No swap function in Python?

D-Man dsh8290 at
Wed May 30 17:30:07 CEST 2001

On Wed, May 30, 2001 at 04:57:41PM +0200, Bolton, Gawain [ADC:4808:EXCH] wrote:
| There doesn't seem to be a "swap" function in Python two swap the values
| of two variables.   I was wondering why this is.
| Unfortunately writing a generic swap function swap(a,b) with no return
| type in Python doesn't work with immutable arguments (like strings) of
| course.  Which made me think that a swap could be done like this:
| (a,b) = (b,a)
| But I'm not completely convinced doing this is safe.  In tests I've done
| it works, but I'm not sure whether this works in all cases with all
| types...  Finally, if the behaviour is guaranteed, is this an efficient
| way of doing a swap?

This is the way it is done in Python.  What it does is create a tuple
containing b and a (the right-hand-side of the statement) then unpack
it into the tuple on the left-hand-side (containing a and b

It works with all types because tuples are heterogeneouse containers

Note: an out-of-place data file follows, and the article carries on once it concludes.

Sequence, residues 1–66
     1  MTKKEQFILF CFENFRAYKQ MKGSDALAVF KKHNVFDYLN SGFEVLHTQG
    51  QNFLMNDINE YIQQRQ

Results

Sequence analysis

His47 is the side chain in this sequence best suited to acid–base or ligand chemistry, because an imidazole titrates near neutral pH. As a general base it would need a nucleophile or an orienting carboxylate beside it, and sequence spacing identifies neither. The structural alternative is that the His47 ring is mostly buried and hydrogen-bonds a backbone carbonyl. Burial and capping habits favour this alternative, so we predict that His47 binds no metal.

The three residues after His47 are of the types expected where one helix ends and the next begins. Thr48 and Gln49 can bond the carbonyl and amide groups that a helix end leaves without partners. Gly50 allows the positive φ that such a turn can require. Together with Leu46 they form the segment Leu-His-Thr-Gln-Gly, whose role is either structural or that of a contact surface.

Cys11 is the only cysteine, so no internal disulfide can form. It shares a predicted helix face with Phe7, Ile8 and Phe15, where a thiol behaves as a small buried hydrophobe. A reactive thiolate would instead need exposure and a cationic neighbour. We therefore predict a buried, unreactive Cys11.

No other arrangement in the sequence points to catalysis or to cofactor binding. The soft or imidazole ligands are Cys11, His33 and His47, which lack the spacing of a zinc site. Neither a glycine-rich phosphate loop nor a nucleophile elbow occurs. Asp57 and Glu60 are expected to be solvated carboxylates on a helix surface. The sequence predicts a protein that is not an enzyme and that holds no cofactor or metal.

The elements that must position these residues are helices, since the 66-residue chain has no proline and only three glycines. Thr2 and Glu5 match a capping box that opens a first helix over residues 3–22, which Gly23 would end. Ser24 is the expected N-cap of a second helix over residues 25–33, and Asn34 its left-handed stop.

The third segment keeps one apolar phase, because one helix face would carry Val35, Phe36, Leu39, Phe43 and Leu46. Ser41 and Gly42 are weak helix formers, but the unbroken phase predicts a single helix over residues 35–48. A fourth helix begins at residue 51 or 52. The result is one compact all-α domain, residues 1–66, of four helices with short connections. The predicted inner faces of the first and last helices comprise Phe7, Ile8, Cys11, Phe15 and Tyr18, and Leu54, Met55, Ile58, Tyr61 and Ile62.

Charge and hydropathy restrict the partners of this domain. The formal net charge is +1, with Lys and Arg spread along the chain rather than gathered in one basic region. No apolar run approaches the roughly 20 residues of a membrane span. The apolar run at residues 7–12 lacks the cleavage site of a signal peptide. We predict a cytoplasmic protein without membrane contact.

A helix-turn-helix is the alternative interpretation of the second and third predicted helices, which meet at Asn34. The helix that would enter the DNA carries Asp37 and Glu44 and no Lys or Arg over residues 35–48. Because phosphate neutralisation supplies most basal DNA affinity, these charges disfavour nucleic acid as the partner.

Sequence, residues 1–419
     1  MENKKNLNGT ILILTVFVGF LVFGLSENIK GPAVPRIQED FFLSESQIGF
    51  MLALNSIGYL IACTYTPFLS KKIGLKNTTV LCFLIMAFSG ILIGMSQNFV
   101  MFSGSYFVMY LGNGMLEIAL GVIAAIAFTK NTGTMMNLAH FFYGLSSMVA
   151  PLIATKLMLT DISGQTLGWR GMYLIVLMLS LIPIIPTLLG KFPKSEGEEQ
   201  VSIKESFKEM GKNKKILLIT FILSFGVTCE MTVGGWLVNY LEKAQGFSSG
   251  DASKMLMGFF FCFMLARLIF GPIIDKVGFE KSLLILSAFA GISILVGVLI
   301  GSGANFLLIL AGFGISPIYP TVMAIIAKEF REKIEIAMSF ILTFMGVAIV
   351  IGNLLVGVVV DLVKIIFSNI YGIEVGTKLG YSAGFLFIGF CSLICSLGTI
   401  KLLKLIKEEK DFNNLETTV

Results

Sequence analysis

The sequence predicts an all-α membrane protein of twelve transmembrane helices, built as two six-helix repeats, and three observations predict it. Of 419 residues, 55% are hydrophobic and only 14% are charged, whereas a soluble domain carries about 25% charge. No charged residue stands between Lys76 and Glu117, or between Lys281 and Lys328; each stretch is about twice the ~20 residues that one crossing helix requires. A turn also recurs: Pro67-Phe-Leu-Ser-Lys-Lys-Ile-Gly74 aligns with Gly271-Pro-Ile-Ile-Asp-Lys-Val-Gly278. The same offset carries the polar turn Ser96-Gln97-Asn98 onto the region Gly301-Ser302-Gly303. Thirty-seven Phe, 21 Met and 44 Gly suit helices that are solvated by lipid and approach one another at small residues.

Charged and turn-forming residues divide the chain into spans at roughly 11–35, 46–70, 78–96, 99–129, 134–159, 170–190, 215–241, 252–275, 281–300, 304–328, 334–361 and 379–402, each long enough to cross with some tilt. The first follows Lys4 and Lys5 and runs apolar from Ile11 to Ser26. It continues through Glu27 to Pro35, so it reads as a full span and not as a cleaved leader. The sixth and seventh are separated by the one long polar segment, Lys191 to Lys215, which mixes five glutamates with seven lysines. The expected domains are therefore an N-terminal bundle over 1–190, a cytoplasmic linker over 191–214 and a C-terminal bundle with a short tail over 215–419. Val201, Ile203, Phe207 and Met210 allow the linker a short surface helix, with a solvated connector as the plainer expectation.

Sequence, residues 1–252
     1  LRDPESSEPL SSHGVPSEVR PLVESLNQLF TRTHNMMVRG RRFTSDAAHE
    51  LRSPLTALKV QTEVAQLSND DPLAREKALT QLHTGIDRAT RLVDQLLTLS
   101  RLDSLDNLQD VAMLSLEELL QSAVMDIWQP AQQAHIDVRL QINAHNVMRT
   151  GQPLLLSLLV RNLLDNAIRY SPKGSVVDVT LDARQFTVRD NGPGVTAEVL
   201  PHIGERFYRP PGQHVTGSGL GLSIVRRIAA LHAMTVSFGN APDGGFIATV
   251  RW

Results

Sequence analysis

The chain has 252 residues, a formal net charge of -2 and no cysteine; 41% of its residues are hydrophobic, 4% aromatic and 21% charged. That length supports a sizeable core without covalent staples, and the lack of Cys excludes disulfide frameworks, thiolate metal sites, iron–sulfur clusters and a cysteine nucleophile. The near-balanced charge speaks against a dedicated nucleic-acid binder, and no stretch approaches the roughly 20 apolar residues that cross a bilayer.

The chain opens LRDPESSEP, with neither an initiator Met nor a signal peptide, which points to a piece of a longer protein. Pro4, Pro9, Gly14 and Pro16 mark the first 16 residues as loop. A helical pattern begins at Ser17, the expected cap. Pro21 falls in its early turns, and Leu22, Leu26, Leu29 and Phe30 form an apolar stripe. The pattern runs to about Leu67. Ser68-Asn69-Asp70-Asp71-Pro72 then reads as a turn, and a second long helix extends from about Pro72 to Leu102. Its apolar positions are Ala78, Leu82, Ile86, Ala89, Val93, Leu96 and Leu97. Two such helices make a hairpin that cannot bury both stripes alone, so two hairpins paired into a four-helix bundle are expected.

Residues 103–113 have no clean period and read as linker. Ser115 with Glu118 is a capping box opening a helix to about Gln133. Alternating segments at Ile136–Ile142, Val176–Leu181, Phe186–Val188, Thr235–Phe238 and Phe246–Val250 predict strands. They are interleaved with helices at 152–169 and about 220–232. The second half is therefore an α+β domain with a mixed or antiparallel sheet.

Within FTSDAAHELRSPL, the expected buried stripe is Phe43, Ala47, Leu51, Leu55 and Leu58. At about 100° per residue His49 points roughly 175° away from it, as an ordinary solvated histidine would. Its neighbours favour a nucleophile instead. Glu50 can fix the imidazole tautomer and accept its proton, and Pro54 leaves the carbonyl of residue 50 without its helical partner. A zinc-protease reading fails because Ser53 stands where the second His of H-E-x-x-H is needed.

and don't care what type of object it contains.  It is entirely up to
your client code what you want to do with the tuple and the objects
contained in it.  It is your client code that you must ensure the
types make sense for the operations it wants to perform on it.  This
is really not a problem because of Python's strong dynamic typing
mechanism, and has nothing to do with swapping techniques.

Another solution, if you really don't like tuple packing and
unpacking, is :

temp = b
b = a 
a = temp
del temp

but I think it is obvious that this technique consists of 3 (4)
statements instead of just one and the creation and deletion of a new
variable.  My guess is that the tuple technique is more efficient as
well as being more concise, but you would need to profile it to be


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